Simply stated, the minimum allocation gateway requires that every nHCE who benefits under the plan receive an allocation equaling the lesser of: (1) one-third the rate given to the HCE with the highest rate of allocation as a percentage of compensation; or (2) 5% of compensation as defined in IRC §415.
The compensation definition under the one-third option can be any definition that satisfies IRC §414(s), so long as it is the same for both HCEs and nHCEs, but for the 5% option it must be defined in accordance with §415, though the actual profit sharing allocation can, again, use any definition that satisfies §414(s).
In general, only employees who benefit from the profit sharing portion of the plan for coverage testing purposes need to receive the minimum allocation gateway contribution. However, special non-elective contributions may expand the group of employees required to receive the minimum allocation gateway contribution.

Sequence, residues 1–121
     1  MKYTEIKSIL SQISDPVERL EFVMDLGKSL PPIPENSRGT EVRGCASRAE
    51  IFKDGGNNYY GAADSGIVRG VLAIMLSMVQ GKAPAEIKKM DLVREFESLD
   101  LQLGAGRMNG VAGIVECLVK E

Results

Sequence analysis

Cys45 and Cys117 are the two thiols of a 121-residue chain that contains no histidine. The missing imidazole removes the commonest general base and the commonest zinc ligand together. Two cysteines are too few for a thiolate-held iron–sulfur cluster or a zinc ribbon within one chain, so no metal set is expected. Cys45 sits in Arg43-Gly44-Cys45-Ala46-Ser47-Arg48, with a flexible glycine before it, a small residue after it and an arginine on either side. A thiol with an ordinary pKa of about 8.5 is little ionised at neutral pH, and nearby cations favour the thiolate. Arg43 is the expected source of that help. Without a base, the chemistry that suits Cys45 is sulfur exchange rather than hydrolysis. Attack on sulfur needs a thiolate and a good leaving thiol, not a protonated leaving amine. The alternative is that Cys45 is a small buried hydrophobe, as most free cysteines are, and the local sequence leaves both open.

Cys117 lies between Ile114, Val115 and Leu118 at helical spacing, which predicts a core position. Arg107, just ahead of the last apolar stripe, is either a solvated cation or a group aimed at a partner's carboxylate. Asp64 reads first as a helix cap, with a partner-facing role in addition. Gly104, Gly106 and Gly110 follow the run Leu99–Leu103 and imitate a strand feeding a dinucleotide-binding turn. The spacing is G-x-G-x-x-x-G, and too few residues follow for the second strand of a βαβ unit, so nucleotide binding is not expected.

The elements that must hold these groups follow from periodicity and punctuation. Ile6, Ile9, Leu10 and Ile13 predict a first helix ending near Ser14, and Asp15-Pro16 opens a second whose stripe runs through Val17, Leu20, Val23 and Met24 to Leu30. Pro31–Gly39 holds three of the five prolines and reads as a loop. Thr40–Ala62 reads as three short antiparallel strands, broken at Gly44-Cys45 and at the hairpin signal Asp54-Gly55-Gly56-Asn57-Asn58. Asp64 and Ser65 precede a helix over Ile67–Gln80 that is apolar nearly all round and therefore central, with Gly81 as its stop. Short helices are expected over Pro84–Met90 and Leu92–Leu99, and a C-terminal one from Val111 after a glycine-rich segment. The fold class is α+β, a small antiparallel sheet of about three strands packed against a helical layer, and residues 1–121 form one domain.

Employees who receive a safe harbor non-elective contribution, a top heavy minimum contribution, or a QNEC must receive a minimum allocation gateway contribution, unless they are separately tested under 401(a) as part of a disaggregated group.
(Note: There is also an exception to the gateway requirement called the “broadly available allocation rate” rule. This requires, essentially, that several nHCEs would be receiving allocation rates equal or greater to that of the HCE(s) with the highest rates (i.e. not just benefit accrual rates), or at least that those rates are “broadly available” based on a reasonable and non-discriminatory classification such as age or length of service).
401(a)(4) Non-discrimination Testing
Once the gateway test has been passed, the administrator can proceed to cross-testing. This process involves two fundamental concepts, however, which are central to cross-testing under 401(a)(4) and must first be defined based on the allocation rates being tested: EBAR and rate-groups.